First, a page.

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Ottoman Empire in the 1700s

By | 2017-09-11T10:47:26+00:00 September 11th, 2017|History, West Asia|

Enderun Library, Topkapi Palace (Istanbul, 1719) By 1703 AD, people were unhappy enough with Feyzullah Efendi that the Sultan killed him. The Sultan's mother, Rabia Gulnus, took charge of the government. Rabia's main worry was Peter the Great's strength in Russia, just north of the Ottoman Empire. In 1710, Rabia had her son declare [...]

Iran and British colonialism – the 1800s

By | 2017-09-11T08:19:21+00:00 September 11th, 2017|History, West Asia|

Fath-Ali Shah Qajar Muhammed Khan Qajar conquered a lot of land for Iran, and made Iran richer. But that didn't stop him from being killed in 1797, when he was 55 years old. He had ruled for only three years. Muhammed had no kids, but his young nephew Fath-Ali was already the governor of [...]

Influenza – History of Medicine

By | 2017-09-07T08:01:28+00:00 September 6th, 2017|Science|

Clay hen whistle from Mohenjo Daro (ca. 2700 BC, now in Brooklyn Museum) Influenza is a virus that mostly infects birds - like chickens - and pigs. But influenza can also attack people. Probably people started to get influenza around the time they started keeping chickens and living in cities - in China and India, about 3000 BC, in Greece about 500 BC, and in North [...]

Medieval Hanukkah – Jewish holidays

By | 2017-08-24T11:55:10+00:00 August 24th, 2017|Medieval, Religion|

Arch of Titus: Roman soldiers carry off the big menorah from the Second Temple in Jerusalem (70 AD, but the arch was built in the 80s AD) In 70 AD, after the First Jewish Revolt, the Roman emperor Titus destroyed the Second Temple. Titus plundered the menorah along with other treasures from the Temple. He brought it back to [...]

The Inuit and Canadian history

By | 2017-11-09T18:05:58+00:00 August 13th, 2017|History, Native American|

An Inuit village in 1575 AD In 1500 AD, the Inuit weren't doing so well. They had been buying steel and iron weapons from Vikings and East Asian traders. They used their good weapons to hunt whales, and they lived on whale meat and built houses of whalebone. That was still working in Alaska. But in Greenland, the [...]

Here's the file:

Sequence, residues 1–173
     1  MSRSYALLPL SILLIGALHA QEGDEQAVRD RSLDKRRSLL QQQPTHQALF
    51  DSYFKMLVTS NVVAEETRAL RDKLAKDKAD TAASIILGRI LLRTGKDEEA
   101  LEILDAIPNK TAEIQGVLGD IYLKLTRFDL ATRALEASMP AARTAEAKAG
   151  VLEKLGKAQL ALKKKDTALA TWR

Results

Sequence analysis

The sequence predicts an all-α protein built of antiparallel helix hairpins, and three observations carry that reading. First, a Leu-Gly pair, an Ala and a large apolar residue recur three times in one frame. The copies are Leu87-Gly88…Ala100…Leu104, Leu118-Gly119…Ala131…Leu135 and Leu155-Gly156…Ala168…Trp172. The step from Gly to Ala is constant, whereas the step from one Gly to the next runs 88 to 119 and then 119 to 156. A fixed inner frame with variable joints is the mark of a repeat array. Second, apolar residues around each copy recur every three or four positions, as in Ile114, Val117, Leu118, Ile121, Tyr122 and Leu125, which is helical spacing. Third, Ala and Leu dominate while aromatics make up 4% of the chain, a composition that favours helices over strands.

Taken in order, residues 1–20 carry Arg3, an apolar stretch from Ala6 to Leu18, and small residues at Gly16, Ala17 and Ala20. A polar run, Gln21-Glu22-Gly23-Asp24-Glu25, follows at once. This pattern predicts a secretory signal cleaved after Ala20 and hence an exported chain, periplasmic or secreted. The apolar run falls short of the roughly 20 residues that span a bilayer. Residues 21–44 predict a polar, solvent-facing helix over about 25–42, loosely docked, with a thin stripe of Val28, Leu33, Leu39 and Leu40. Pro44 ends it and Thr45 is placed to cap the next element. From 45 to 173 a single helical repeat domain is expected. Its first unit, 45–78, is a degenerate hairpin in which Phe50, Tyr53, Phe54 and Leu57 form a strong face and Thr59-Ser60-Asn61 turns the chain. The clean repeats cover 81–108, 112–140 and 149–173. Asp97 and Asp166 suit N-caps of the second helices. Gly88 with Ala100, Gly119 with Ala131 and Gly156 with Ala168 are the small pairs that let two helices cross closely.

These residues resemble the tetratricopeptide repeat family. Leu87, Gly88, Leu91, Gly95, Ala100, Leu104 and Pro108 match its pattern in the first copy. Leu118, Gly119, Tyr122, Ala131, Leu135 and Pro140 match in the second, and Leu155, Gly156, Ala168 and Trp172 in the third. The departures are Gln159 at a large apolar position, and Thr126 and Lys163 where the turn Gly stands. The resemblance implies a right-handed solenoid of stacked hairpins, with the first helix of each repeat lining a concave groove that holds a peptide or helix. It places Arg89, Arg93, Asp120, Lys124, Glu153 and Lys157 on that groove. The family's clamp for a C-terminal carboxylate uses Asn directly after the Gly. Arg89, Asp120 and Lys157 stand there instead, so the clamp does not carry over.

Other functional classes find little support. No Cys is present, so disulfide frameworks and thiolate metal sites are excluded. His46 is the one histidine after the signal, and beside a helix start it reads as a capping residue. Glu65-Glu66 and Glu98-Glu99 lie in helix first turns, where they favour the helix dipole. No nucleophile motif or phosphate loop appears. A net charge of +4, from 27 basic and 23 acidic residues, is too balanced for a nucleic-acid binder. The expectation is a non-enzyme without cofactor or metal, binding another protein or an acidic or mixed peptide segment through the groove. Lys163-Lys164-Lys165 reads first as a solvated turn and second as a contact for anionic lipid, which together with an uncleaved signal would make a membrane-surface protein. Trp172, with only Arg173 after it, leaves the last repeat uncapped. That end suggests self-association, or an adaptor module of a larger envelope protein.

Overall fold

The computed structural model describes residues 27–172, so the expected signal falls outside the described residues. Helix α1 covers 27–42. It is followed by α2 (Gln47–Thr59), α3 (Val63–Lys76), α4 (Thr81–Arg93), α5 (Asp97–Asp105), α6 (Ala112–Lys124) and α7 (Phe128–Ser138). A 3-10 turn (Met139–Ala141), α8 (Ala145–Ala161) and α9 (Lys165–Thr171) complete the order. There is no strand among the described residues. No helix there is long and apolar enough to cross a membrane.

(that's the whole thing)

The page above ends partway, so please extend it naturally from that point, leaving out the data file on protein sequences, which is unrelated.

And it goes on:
Californians fight the Missions

By | 2017-08-12T14:56:31+00:00 August 12th, 2017|History, Native American|

Ohlone people crossing San Francisco Bay, with a European wool blanket (Louis Choris, 1816 AD) In 1500 AD, California was a popular place to live. About one out of every three people living in what would become the United States lived in California. Then, in 1530, the first Spanish explorers under the Holy Roman [...]

History of Bicycles

By | 2017-08-07T21:00:03+00:00 August 7th, 2017|Modern Europe, Science|

A velocipede Bicycles were invented bit by bit in many different countries. They grew out of earlier inventions like wheels (from Central Asia) and wheelbarrows (from China), but Karl von Drais, a German inventor, built the first riding machine with two wheels, one in front of the other, that you had to balance on, in 1817. Like wheelbarrows, this [...]

Jesuits after 1700 – History of religion

By | 2017-08-07T13:50:00+00:00 August 7th, 2017|Modern Europe, Religion|

Jesuit teachers in Brazil By the 1700s AD, the Jesuits owned a lot of farms and mines in countries all over the world. The governments of these countries started to worry that the Jesuits were too powerful. Also, the governments wanted to get their hands on all the money the Jesuits were making. The Enlightenment was making a [...]

World War II – history of Europe

By | 2017-08-06T08:29:19+00:00 August 6th, 2017|History, Modern Europe|

Unemployed people in Germany (1930s) The Depression left everyone in Europe feeling angry and upset, because so many people were poor. People were especially upset in Germany, where they also were angry about losing World War I. Many German people looked for someone to blame for their problems. Some Germans blamed Jews, because they were outsiders, and [...]